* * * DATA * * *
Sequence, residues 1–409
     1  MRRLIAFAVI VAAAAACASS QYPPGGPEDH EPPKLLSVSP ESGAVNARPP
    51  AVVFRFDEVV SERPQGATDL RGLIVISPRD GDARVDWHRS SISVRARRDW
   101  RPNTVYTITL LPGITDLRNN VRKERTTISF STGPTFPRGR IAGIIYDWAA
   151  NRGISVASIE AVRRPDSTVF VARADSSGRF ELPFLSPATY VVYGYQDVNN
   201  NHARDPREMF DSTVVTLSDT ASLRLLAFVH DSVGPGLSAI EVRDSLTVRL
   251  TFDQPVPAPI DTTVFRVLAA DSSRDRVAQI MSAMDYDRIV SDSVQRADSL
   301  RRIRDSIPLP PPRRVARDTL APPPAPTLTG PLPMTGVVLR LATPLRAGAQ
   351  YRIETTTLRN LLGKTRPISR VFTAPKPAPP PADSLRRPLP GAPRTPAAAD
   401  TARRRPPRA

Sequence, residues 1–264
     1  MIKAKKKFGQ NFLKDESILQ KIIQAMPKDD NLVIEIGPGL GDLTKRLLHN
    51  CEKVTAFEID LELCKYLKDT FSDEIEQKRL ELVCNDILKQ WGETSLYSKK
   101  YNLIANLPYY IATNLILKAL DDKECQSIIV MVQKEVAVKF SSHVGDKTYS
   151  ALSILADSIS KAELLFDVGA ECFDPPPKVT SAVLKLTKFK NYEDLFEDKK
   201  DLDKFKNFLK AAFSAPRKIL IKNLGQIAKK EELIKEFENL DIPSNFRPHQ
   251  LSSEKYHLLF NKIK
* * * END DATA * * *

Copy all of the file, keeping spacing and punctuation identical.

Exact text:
Sequence, residues 1–409
     1  MRRLIAFAVI VAAAAACASS QYPPGGPEDH EPPKLLSVSP ESGAVNARPP
    51  AVVFRFDEVV SERPQGATDL RGLIVISPRD GDARVDWHRS SISVRARRDW
   101  RPNTVYTITL LPGITDLRNN VRKERTTISF STGPTFPRGR IAGIIYDWAA
   151  NRGISVASIE AVRRPDSTVF VARADSSGRF ELPFLSPATY VVYGYQDVNN
   201  NHARDPREMF DSTVVTLSDT ASLRLLAFVH DSVGPGLSAI EVRDSLTVRL
   251  TFDQPVPAPI DTTVFRVLAA DSSRDRVAQI MSAMDYDRIV SDSVQRADSL
   301  RRIRDSIPLP PPRRVARDTL APPPAPTLTG PLPMTGVVLR LATPLRAGAQ
   351  YRIETTTLRN LLGKTRPISR VFTAPKPAPP PADSLRRPLP GAPRTPAAAD
   401  TARRRPPRA

Sequence, residues 1–264
     1  MIKAKKKFGQ NFLKDESILQ KIIQAMPKDD NLVIEIGPGL GDLTKRLLHN
    51  CEKVTAFEID LELCKYLKDT FSDEIEQKRL ELVCNDILKQ WGETSLYSKK
   101  YNLIANLPYY IATNLILKAL DDKECQSIIV MVQKEVAVKF SSHVGDKTYS
   151  ALSILADSIS KAELLFDVGA ECFDPPPKVT SAVLKLTKFK NYEDLFEDKK
   201  DLDKFKNFLK AAFSAPRKIL IKNLGQIAKK EELIKEFENL DIPSNFRPHQ
   251  LSSEKYHLLF NKIK